Security Culture has to be Intentional and Sustainable

Let’s get straight to the point: your security culture is – and will always be – a subcomponent of your larger organizational culture. In other words, you have to weave security-based thinking and values into the fabric of your organization’s primary culture if you want to meet (and achieve!) your security awareness goals.

Wondering how to do it? I’ve identified four secrets to success when it comes to building a strong, intentional and sustainable security culture:

1 - Know where you’re coming from and where you are going
The old saying, “Failing to plan is planning to fail,” holds true here. The key to implementing secret number one is to leverage a framework to help ensure that you are approaching things in a structured manner, rather than simply making it up as you go (you can read my thoughts on the NIST Cybersecurity Framework, for example).

Particularly in large global organizations, it’s important to conduct a series of interviews or quick surveys to understand how different divisions and leaders view security, understand policy and best practices, and what they truly hold important. The outcomes will uncover if your key executives are in alignment and if there are some political or logistical hurdles that you need to work through as you build your plan.

Once you have these insights, you can begin to create your goals for the year. I’ve written here about the SMARTER goal setting framework proposed by several productivity gurus, and I think it works well in this instance. There are a few different versions of the SMARTER framework – one I recommend is the Michael Hyatt version. (SMARTER = Specific, Measurable, Actionable, Risky, Time-keyed, Exciting, Relevant.)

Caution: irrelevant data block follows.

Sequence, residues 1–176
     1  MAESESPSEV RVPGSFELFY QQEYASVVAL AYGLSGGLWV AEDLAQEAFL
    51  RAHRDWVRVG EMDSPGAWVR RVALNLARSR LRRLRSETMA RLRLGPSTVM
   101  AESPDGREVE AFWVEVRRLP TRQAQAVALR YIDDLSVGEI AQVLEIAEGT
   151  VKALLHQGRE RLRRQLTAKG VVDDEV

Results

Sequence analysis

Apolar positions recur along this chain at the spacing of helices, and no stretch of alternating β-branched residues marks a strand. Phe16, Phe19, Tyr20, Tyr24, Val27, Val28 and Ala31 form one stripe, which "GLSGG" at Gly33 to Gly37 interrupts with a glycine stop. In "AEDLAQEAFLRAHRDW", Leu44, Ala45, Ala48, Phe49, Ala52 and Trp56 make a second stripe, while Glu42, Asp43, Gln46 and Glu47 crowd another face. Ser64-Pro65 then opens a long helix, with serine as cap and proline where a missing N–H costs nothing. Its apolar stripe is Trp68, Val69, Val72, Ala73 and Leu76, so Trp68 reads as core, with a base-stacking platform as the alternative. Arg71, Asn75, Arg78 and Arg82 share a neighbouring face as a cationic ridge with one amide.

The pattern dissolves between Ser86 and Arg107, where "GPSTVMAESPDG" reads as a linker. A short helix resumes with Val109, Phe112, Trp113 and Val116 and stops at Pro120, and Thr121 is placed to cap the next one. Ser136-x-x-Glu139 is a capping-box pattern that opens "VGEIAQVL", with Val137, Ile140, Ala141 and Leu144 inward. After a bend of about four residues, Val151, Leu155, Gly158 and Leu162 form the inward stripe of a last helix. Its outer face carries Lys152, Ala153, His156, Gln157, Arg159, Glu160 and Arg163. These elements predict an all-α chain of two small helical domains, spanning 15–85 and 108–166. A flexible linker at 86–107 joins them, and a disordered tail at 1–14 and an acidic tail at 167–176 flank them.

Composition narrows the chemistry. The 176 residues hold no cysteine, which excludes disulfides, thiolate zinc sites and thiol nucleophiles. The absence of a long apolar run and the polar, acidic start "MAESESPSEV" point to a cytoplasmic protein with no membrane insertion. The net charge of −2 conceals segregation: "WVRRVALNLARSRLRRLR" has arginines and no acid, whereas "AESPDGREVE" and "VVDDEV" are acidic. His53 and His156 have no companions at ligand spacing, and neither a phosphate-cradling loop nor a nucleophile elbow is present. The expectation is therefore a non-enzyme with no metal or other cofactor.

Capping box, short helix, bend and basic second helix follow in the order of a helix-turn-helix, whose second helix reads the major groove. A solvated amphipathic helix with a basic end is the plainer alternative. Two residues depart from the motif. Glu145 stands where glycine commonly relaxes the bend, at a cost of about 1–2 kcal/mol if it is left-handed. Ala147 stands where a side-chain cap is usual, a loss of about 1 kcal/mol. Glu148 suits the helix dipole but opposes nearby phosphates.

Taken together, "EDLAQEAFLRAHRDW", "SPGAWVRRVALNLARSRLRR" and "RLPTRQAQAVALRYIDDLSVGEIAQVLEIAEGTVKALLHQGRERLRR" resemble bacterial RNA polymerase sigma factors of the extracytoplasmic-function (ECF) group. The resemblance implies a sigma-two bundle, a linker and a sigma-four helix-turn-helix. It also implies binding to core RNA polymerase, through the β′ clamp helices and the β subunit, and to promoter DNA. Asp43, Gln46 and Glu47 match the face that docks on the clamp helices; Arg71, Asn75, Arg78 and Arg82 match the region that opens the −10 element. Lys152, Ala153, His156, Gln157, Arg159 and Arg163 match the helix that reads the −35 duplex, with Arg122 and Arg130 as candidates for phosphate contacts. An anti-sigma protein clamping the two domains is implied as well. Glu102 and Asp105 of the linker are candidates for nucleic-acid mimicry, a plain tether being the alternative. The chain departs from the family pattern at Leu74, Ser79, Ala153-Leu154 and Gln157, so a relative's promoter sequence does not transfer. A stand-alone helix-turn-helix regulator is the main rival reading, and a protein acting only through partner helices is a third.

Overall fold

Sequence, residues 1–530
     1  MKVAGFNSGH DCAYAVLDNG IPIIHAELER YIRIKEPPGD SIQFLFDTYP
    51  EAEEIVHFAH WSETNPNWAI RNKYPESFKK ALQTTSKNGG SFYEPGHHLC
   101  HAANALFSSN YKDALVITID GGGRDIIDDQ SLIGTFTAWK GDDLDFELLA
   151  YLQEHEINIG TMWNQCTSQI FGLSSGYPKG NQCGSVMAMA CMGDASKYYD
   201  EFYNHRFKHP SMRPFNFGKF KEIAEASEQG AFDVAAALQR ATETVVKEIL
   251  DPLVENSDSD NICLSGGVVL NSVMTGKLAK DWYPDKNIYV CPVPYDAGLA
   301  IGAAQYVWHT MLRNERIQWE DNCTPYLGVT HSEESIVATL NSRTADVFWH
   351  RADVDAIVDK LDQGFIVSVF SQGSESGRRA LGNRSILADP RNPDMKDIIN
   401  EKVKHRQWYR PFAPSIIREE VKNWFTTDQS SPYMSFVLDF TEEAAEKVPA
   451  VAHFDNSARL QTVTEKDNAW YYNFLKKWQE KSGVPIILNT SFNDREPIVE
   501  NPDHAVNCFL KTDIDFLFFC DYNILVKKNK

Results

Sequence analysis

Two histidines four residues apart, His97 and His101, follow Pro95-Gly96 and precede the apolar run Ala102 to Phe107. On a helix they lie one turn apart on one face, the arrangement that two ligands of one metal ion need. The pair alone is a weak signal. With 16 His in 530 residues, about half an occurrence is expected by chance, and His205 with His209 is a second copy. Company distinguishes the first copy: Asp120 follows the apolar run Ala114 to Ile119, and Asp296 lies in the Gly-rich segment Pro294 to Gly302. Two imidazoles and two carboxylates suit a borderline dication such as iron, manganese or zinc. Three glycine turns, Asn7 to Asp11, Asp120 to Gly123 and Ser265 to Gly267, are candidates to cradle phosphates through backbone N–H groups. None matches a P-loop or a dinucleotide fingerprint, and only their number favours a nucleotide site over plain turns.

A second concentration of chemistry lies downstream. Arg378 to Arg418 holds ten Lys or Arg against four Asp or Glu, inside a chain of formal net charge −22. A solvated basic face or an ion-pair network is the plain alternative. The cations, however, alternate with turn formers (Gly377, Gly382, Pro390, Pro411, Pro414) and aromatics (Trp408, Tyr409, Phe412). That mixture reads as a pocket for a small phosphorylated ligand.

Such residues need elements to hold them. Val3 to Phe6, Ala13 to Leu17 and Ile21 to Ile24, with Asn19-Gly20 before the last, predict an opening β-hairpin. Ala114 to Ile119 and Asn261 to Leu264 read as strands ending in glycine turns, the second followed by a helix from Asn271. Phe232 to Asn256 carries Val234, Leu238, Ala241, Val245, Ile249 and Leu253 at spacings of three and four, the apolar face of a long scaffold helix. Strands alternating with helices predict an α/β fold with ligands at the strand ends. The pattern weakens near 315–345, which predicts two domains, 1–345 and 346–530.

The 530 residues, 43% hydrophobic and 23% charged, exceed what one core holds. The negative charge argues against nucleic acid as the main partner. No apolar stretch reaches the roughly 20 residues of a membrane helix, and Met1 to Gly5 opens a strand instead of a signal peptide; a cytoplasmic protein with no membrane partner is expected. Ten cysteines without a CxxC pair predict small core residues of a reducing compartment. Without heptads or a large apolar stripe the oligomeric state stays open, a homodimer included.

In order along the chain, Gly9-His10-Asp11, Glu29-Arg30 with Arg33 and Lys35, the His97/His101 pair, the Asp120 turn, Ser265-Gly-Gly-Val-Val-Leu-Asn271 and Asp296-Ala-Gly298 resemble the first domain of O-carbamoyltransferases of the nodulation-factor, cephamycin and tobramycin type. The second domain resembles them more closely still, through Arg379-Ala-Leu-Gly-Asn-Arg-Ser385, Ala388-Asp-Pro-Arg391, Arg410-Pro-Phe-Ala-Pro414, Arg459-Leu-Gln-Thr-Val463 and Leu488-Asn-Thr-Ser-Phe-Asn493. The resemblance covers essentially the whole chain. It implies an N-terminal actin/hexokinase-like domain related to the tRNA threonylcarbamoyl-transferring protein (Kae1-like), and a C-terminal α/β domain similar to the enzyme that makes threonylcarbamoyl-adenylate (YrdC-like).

2. Use your organizational culture to view security awareness 
While organizational culture and security culture are not one and the same, it’s important that they be closely knit.  

We sometimes get mixed up on what organizational culture really is. It’s the sum of subconscious human behaviors that people repeat based on prior successes and collectively held beliefs. It’s not the sum of roles, processes and measurements. Similarly, security culture is not (just) related to "awareness" and "training"; it, too, is the sum of subconscious human behaviors that people repeat based on prior experiences and collectively held beliefs.

While culture is shared, learned and adaptive, it can be influenced. It takes a group working collectivity and it begins with the leaders. 

Your existing culture has to be the driver to impact change and behavior around your security culture. For instance, if your organization has a marketing organization that helps with internal communications, then you have to understand how they leverage the communication methods, formats, and branding.

You have to do this so that *your* communications speak in the established voice/tone of the company; this way you aren’t seen as unconnected and (worst of all) irrelevant. You also need to get an idea of where there are divisional, departmental, and regional nuances. Work within the specific cultural frameworks of each of these segments. Also to make things easier and more efficient, know what your organization’s existing communication channels are so you can plug in to them (e.g. existing meetings, executive videos, etc)